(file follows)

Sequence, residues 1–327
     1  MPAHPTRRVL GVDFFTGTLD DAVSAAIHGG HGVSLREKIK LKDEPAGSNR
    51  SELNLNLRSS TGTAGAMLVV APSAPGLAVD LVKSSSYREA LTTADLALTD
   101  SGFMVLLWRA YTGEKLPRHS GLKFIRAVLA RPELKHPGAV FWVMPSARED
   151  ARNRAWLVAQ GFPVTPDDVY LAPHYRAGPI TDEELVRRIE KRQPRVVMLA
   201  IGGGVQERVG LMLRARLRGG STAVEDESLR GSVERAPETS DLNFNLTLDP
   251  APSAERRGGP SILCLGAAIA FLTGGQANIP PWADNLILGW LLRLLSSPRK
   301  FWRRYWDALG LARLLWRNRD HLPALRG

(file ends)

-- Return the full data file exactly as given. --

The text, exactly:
Sequence, residues 1–327
     1  MPAHPTRRVL GVDFFTGTLD DAVSAAIHGG HGVSLREKIK LKDEPAGSNR
    51  SELNLNLRSS TGTAGAMLVV APSAPGLAVD LVKSSSYREA LTTADLALTD
   101  SGFMVLLWRA YTGEKLPRHS GLKFIRAVLA RPELKHPGAV FWVMPSARED
   151  ARNRAWLVAQ GFPVTPDDVY LAPHYRAGPI TDEELVRRIE KRQPRVVMLA
   201  IGGGVQERVG LMLRARLRGG STAVEDESLR GSVERAPETS DLNFNLTLDP
   251  APSAERRGGP SILCLGAAIA FLTGGQANIP PWADNLILGW LLRLLSSPRK
   301  FWRRYWDALG LARLLWRNRD HLPALRG